Land scarcity stunts development

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WINDHOEK– Windhoek Rural Councillor Frederick Arie says the unavailability of land in his constituency is hampering developmental plans.

Speaking recently to New Era regarding his achievements and some of the challenges he faced over the years since he became a councillor, Arie said although government has the funds ready to develop the area, the unavailability of land hampers any meaningful development in the constituency. “There are no secondary schools in my constituency and learners end up flocking to Windhoek due to the unavailability of land. We cannot build a secondary school. Government has funds ready, but there is no land,” he reiterated. Another challenge he singled out was the practice of land grabbing, particularly around Mix location near Brakwater and in Dordabis. “People erect their shacks there without permission from the relevant authorities. Land grabbing is a serious concern. I normally tell my people to be patient, while government is busy addressing the issue,” he noted.

He further said his office has already approached the City of Windhoek to properly demarcate the Mix settlement in order to minimise land grabbing. Asked whether he would run for re-election in future polls, he said: “I will stand if my people still have that confidence in me as they had for the past eight years.” Arie took office as the Windhoek Rural councillor in 2004 and was re-elected in 2010. Some of his major achievements he said include the completion of a bridge at Groot-Aub. The construction of the bridge came about after a request from the community, following many years of struggling to cross the Uiseb River, especially during the rainy season. Groot-Aub is situated 60km south of Windhoek and is home to about 6 000 residents, most of whom are employed in Windhoek, while there also a few small-scale farmers in the area. Over the years, the river prevented residents from travelling to Windhoek to access services such as shopping, hospitals, schools and work. Moreover, several cars have also been swept away by the river and patients in urgent need of medical treatment in Windhoek could not be transported. He could however not confirm the exact date when the bridge would be open to traffic. Arie also said they managed to tar the road from the B1 highway into Groot-Aub.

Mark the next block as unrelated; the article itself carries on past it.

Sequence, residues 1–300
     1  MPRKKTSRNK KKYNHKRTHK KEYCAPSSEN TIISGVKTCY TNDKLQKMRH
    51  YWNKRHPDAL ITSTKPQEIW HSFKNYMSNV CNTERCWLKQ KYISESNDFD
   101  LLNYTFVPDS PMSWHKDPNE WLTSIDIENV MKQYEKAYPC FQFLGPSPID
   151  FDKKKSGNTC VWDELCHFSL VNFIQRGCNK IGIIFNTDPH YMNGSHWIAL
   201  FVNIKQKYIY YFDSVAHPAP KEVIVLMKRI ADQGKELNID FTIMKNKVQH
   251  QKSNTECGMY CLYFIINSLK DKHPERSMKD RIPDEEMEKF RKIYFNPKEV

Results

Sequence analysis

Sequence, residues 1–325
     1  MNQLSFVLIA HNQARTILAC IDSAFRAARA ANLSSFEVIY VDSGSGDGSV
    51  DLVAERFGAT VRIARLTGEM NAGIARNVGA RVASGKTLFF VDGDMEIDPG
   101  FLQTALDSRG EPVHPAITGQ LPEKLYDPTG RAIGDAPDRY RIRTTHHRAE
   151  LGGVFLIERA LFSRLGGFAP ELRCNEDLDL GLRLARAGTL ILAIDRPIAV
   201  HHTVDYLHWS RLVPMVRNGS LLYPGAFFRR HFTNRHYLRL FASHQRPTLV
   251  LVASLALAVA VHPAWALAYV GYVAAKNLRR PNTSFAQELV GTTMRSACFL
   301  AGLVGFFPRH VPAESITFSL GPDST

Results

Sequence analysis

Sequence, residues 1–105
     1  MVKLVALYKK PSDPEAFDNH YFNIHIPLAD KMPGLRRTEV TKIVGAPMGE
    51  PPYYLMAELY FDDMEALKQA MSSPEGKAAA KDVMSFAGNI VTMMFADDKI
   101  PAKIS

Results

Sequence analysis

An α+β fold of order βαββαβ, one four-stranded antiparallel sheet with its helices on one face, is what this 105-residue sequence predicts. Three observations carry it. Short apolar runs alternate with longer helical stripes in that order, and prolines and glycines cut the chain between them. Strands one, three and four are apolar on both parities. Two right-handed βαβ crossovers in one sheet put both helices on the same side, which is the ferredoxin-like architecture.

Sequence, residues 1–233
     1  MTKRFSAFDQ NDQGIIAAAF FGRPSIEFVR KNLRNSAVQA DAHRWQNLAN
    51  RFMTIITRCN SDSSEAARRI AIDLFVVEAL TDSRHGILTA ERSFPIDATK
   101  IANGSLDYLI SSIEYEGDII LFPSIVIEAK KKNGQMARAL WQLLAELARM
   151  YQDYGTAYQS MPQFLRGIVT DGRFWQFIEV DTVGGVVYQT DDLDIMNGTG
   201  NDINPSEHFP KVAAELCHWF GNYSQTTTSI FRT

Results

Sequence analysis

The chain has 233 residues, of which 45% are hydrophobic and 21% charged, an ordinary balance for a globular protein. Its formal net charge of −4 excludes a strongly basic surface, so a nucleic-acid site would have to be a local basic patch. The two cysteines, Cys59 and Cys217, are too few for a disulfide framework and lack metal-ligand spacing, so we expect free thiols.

“Government is currently tarring the road from the Rehoboth-Windhoek T-junction.  It is nearing completion. It will be opened before the end of the year,” he indicated. Arie said his office donated goats to communities at Baumgartsbrunn, Kwakwas and Autabib. “The programme is still ongoing. We have budgeted for the goat project to help alleviate poverty among communities. We also helped to resettle evicted communities such as the //Naosan, /Aes, Stinkwater and farm Versailes,” Arie said.

By Albertina Nakale

 

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